Eastern Australia Trip Report (Oct 9 – 25, 2023)
Day 1: Arrival
Tonight was all about the food, breaking ice, building of comradeship and laughter. A great start to another adventure with Eagle-Eye Tours.
Day 2: Cattana Wetlands, Botanic Gardens and the Esplanade
A pre-dawn trip to the Esplanade set the scene for the tour. Everyone was up for 5.30 am and by breakfast our species list had already reached 25.
Cattana Wetlands, the Botanic Gardens and the Mangrove Boardwalk sent the list to 70 by the end of the day.
Day 3: Pelagic to Michaelmas Cays
“So amazing”, “So lucky with such great weather”, “Such an amazing experience” and “I love these moments watching the behaviour of animals”. Quotes by guests as we left Michaelmas Cays. Sooty Terns and Bridled Terns nesting with Brown Boobies, a random Ruddy Turnstone walking amongst them and Crested Terns performing courtship displays above, but the bonus was a visit from a Greater Frigatebird.
Day 4: Barren Gorge, Davies Creek, Mareeba, Julatten and Port Douglas
The group visited 5 locations today: Wetlands, rainforest, sclerophyll forests, farmlands and a Swamp. Together, we saw 75 species, but the highlight of the day for the guests was seeing a flock of Sulphur-crested Cockatoos feeding on grass roots in a park in Port Douglas a far flung scene from a Captive cockatoo.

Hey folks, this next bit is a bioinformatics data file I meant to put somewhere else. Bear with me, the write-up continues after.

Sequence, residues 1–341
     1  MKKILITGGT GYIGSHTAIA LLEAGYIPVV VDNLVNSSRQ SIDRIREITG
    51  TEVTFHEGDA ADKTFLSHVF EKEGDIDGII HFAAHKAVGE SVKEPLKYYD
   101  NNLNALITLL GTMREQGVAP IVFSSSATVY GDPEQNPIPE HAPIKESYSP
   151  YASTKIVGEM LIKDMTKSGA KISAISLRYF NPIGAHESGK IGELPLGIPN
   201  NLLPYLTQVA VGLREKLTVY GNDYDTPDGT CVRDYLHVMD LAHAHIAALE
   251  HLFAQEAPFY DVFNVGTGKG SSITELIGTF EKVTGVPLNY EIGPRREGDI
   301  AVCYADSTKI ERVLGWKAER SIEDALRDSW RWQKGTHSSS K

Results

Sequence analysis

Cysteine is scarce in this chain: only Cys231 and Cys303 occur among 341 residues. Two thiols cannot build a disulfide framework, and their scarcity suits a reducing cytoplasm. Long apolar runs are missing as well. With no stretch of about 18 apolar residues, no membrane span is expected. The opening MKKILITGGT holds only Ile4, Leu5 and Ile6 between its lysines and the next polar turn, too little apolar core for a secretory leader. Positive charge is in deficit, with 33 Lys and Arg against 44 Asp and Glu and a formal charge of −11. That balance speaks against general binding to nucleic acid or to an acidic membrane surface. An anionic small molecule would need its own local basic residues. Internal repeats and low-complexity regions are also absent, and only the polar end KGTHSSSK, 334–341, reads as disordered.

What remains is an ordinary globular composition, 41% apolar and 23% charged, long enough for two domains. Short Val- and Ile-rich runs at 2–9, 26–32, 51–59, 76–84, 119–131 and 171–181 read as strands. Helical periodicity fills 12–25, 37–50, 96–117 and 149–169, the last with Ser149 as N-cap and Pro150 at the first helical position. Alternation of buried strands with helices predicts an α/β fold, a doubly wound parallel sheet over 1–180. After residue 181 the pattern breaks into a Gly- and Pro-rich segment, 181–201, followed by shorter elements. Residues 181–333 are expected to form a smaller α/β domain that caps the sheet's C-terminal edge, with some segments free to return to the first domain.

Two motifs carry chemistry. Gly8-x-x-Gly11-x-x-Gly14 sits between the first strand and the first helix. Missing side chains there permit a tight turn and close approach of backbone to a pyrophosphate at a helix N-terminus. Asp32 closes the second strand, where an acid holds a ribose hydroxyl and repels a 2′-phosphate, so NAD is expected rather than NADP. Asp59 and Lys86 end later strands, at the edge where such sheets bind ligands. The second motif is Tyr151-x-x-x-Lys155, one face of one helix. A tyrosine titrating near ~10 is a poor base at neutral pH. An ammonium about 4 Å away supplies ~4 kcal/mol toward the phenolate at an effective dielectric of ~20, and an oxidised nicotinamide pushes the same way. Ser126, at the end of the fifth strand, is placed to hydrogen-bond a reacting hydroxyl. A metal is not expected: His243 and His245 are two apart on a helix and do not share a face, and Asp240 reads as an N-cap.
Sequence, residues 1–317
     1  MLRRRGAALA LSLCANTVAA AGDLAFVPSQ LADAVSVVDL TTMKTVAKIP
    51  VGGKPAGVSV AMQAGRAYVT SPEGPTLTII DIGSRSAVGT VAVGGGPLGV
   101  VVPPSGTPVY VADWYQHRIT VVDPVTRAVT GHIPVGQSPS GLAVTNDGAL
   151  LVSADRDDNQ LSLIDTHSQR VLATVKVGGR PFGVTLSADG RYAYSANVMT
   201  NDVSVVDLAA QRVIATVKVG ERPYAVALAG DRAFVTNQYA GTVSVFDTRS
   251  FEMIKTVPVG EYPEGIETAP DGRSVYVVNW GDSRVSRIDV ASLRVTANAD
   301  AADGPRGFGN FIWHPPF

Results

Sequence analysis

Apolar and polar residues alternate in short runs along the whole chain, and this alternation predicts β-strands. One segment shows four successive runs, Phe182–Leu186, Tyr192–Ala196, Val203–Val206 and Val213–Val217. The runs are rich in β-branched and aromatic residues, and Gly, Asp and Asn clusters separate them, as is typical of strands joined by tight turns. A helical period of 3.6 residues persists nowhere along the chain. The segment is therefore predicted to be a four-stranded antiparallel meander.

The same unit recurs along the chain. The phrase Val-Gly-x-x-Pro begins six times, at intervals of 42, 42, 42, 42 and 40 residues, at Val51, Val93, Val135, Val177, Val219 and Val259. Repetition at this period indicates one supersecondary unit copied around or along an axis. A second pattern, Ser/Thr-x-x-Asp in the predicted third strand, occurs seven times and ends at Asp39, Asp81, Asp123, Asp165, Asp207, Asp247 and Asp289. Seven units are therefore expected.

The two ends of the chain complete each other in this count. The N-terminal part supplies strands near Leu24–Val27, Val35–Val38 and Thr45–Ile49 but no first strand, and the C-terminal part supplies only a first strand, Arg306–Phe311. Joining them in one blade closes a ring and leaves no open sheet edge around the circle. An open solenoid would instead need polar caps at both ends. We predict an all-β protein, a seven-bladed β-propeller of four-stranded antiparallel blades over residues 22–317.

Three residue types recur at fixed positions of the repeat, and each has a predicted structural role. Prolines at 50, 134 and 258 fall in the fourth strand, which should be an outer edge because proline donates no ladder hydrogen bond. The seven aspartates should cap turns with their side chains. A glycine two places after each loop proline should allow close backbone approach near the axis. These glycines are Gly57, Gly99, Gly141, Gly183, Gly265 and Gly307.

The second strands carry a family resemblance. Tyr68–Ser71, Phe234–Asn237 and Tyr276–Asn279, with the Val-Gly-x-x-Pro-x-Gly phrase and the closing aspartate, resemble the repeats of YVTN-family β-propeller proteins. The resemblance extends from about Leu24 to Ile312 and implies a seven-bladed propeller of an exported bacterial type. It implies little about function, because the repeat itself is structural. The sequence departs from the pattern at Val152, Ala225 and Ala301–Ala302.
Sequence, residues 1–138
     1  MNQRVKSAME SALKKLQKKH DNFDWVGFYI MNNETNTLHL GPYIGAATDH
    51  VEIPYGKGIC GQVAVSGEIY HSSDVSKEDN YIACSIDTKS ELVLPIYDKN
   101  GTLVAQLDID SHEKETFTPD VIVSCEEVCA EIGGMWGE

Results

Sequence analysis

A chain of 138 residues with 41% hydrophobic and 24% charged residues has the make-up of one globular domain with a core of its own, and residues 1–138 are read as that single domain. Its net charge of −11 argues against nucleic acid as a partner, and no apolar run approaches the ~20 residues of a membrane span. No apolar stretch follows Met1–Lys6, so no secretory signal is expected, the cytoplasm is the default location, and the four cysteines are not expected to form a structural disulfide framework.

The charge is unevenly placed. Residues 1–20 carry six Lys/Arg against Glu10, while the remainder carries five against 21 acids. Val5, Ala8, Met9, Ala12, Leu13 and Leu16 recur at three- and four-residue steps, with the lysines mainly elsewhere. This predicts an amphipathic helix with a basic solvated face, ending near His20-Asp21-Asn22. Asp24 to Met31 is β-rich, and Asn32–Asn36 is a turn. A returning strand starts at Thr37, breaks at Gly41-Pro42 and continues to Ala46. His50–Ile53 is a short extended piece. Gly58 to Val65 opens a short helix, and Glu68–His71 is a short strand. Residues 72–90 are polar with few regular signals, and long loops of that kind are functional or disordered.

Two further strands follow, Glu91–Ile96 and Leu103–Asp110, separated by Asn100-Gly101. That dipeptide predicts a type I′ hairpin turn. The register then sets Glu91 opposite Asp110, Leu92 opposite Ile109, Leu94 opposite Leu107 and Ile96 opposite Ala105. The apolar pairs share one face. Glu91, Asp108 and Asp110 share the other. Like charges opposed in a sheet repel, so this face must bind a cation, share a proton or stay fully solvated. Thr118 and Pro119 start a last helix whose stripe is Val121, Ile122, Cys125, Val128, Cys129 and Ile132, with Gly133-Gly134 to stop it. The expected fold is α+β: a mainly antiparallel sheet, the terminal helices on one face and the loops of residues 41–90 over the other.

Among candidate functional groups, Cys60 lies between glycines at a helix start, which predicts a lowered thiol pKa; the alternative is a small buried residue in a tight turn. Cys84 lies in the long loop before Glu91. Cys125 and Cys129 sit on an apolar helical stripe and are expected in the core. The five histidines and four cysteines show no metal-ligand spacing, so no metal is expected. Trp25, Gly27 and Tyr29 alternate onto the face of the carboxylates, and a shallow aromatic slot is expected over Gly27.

Day 5: Daintree River Cruise, Upper Daintree and Stewart Valley
The Daintree. An iconic Australian River. One of the world’s oldest rainforests. The region with the highest biodiversity on the continent. Part of the Wet Tropics World Heritage site. Absolutely gorgeous and teeming with life.
It left us with another 70 species of birds, 1 butterfly, 1 reptile and 2 mammals. Thankfully we’ve got a morning within this rainforest tomorrow, to add to the list.
Day 6: Port Douglas to Lake Eacham, via Mount Lewis and Mareeba
After an early breakfast at an amazing Cafe in Port Douglas, we headed out to Mount Lewis, where, as well as a wide range of bird species, we were lucky enough to come across a pair of green ringtail possums high in the canopy.
The mammals kept coming alongside the birds, with an evening with striped possums, squirrel gliders, northern brown bandicoots and red-legged pademelons.
Day 7: Hasties Lagoon, Lake Hypipamee and Malanda
Our first stop was an unplanned one. The guides found a couple of agile wallabies down a farm road and we returned to have a look at them. Within minutes we were all on the verge of whiplash from the shear number of species that flew past us. Dozens of Brolga, Fairy Wrens, King Parrots, cuckoos, coucals and much much more. 24 species in total. Hastie’s Swamp also added another 15 to the day, most of which were new to the group.
The day ended with a couple of Platypus and a few Coppery Brush Tailed possums and a Giant White Tailed Rat (native to the region).
Day 8: Etty Bay
It’s a 1.5 hour drive beside and over the pass of a mountain range covered in rainforest, but well worth it to see an adult Southern Cassowary walk across an open area in clear view of everyone in the group. This could only be rewarded with a icecream beside the beach. Definitely the highlight of the day, which ended with sunset over the Esplanade in Cairns.
Day 9: Cairns to Lamington
Today was mostly a travel day, an early flight to Brisbane and then a drive to Lamington National Park, where the guests were drawn to King Parrots, Crimson Rosellas, Red-browed Finches and Pied Currawongs as soon as they stepped foot out of the door. The remaining day was filled with at least 10 more species.